One of the powerful things about our ability to hold two conflicting ideas in our mind is that it is possible for us to say to ourselves that – “I feel unsettled” – and – “I can make progress” and know that both can be true at the same time.
Adopting the hierarchy of Outcome -> Strategy -> Projects (thanks to some well-timed coaching :-)) has been a recent revelation of sorts in driving better thinking, higher quality communication, and, thus, more productive conversations.
Conversations that derail or go nowhere are almost always conversations about projects. And, these conversations are transformed when we move up the hierarchy to talking about outcomes and strategy instead.
It also turns out that working through outcomes and strategy before getting to projects helps create the kind of focus that leads to the right projects being discussed and prioritized.
In the first 2 years of this blog, most of my daily posts were quotes. I started sharing quotes here because I didn’t have the discipline to write a “proper” post every day. So, quotes seemed to be a good way to teach myself some discipline.
The discipline part worked out.
Years later, the other benefit of sharing quotes is that some quotes pop into my sub conscious at random when I’m in need of some wisdom.
Today was one such day and my quote of the day is – “A ship in harbor is safe, but that is not what ships are built for.”
Great quotes are a true gift.
Seth had a post a few weeks ago that I’ve thought about a few times since –
“The best way to be in the room where it happens is to be the person who called the meeting.
Things rarely happen on their own. Everyone is waiting for you to organize the next thing.”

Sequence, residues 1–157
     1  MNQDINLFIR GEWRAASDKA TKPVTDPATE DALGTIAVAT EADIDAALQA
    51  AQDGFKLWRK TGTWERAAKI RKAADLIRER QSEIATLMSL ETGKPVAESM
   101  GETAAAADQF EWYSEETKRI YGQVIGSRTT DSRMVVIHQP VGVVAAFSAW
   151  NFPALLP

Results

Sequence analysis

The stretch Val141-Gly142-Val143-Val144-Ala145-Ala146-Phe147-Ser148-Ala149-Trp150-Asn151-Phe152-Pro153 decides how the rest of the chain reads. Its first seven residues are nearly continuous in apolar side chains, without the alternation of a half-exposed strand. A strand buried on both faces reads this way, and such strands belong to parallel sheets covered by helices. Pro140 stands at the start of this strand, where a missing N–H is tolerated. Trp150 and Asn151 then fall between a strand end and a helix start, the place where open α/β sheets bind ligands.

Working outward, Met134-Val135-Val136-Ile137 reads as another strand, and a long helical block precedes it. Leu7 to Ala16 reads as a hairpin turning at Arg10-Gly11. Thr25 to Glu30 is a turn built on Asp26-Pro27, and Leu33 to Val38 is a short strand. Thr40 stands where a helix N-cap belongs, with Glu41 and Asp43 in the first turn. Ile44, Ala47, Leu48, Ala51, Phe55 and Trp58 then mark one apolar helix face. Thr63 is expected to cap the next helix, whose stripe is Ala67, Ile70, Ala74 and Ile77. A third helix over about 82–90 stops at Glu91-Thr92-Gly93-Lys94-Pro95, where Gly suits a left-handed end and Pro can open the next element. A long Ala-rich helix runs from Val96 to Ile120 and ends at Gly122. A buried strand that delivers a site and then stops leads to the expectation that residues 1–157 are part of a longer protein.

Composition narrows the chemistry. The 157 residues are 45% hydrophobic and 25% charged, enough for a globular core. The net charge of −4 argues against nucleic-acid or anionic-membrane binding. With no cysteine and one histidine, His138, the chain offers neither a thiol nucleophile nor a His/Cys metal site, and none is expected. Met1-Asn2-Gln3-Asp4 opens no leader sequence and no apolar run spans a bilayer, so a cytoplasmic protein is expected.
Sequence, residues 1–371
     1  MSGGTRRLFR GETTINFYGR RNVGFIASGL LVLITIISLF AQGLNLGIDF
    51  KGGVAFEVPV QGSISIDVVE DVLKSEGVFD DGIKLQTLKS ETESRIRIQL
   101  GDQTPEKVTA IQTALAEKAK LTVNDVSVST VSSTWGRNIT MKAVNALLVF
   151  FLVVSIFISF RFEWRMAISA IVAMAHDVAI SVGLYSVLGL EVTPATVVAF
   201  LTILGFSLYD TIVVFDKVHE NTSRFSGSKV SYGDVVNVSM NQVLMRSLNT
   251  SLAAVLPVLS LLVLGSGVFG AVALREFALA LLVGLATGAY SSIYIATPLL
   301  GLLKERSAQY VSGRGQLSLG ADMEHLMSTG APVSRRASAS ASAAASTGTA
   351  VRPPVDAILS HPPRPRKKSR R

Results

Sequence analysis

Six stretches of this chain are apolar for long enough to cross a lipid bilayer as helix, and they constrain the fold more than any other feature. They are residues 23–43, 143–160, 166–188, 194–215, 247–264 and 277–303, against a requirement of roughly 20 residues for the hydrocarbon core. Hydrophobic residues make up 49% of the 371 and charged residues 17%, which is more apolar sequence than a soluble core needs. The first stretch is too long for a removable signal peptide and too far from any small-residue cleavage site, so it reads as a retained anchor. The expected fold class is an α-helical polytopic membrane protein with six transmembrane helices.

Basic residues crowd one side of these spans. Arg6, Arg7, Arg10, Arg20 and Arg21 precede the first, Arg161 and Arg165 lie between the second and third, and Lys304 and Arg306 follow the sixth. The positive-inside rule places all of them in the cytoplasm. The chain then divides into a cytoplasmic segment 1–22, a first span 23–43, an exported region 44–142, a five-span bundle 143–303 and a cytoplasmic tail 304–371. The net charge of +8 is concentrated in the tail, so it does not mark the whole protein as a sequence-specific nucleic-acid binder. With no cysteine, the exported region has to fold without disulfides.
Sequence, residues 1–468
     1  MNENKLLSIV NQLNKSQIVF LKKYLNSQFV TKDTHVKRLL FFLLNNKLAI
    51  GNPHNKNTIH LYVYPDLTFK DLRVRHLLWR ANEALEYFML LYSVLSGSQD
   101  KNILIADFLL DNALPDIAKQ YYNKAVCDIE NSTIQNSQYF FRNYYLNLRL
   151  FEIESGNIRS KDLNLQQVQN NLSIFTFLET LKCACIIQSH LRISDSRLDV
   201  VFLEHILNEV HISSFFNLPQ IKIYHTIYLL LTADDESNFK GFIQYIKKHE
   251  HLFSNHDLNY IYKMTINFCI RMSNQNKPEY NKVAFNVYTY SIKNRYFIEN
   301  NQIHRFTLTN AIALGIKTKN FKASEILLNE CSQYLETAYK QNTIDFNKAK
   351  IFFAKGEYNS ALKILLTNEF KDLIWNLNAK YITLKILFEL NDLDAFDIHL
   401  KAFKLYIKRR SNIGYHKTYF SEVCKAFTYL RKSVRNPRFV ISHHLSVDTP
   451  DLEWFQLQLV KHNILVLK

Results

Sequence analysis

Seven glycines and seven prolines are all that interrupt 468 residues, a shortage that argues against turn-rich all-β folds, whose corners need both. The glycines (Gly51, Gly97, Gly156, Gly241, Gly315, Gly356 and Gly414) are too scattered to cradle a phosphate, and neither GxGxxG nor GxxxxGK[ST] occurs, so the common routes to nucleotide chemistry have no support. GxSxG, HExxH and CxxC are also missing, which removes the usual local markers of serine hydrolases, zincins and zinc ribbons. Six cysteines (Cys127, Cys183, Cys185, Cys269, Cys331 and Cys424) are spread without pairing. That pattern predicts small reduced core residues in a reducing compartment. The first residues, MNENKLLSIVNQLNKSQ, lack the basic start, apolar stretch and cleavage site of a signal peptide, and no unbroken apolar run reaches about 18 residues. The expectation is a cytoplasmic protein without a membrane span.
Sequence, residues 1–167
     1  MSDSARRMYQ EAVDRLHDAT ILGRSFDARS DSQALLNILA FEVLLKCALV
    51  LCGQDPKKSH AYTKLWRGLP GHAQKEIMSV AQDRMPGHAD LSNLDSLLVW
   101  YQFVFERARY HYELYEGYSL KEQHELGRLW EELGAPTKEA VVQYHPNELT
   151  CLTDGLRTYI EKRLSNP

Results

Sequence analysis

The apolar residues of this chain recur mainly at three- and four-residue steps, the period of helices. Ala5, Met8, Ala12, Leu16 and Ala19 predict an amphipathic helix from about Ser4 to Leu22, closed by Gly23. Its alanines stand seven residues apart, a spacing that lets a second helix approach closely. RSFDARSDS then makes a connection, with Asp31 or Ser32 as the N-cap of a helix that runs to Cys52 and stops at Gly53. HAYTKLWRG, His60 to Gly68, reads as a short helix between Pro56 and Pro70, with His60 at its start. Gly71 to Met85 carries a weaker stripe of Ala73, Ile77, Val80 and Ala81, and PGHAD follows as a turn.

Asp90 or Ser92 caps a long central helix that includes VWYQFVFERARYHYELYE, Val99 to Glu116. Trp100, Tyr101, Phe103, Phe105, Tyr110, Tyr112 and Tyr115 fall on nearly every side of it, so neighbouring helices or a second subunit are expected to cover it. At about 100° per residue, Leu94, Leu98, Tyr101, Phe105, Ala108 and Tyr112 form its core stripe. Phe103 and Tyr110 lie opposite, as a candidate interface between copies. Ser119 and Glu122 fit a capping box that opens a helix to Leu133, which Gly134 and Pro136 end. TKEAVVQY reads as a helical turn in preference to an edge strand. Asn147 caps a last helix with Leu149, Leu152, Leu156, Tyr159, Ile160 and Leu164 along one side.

This post could easily have been titled “The project that matters” and could have been about the project that matters that is waiting for someone to lead.
We often have more agency than we think. Thanks, Seth, for reminding us.
Regardless of what we choose to work on and where we choose to do it, we pay a tax.
At big companies, it might be all that time spent planning and coordinating. At smaller firms, it might be the uncertainty of whether things will work out. And, for those at home caring for loved ones, it might be recurring questions about your own relevance.
And, in every one of these situations, there generally is * that * person who seems to make things difficult.
Since there’s no running away from the tax and assuming you like being where you are, the only question, then, is – what makes paying the tax worth it?
Generally, it comes down to one or two things that matter. For example, if you’re designing/building products at a big company, it may be the joy you feel when what you build touches thousands of people at once. And, if that’s what matters, intentionally pick the 1-3 battles you most want to fight for this month that make paying the tax worth it.
It is amazing how much of a difference this little bit of re-framing combined with focus can make – they help move all the energy we’d otherwise waste in complaining to focusing on the things that move the needle – in our work and for ourselves.
Knowing what I know now about the process of learning, I’ve come to realize that a more apt name for this blog is “a reminder a day.”
As “To learn and not to do is not to learn,” it is impossible to improve how I operate every day. Instead, what I do here is attempt to take small steps toward larger commitments – one reminder at a time.
While some easy lessons were learned after a few reminders, the hard ones took hundreds of them, and the hardest ones are still being worked on.
It takes time to learn lessons that make us happier and better. And, few things matter more in that process than persistent reminders.
We read about the “Seek” by iNaturalist app a few weeks ago and have been using it a bunch of late. If you’ve ever wondered about the names of the plants/trees/insects around you, this app is awesome.
Here’s how it works –
1. Open up the app and point the camera at any plant (for example)
2. Using image recognition, it’ll give you the name of the species with a confidence score.
3. If you’re unable to get it on first try, you just have to try a few different angles. For example, a closer view of the the leaves of a plant may help it identify it easier.
It is a wonderful application of image recognition. And, we’ve been using it to identify plants and trees all around us.
I also love that it is called “Seek.” In the world we live in, knowledge and wisdom are never more than a few taps away.
All we need to do is seek.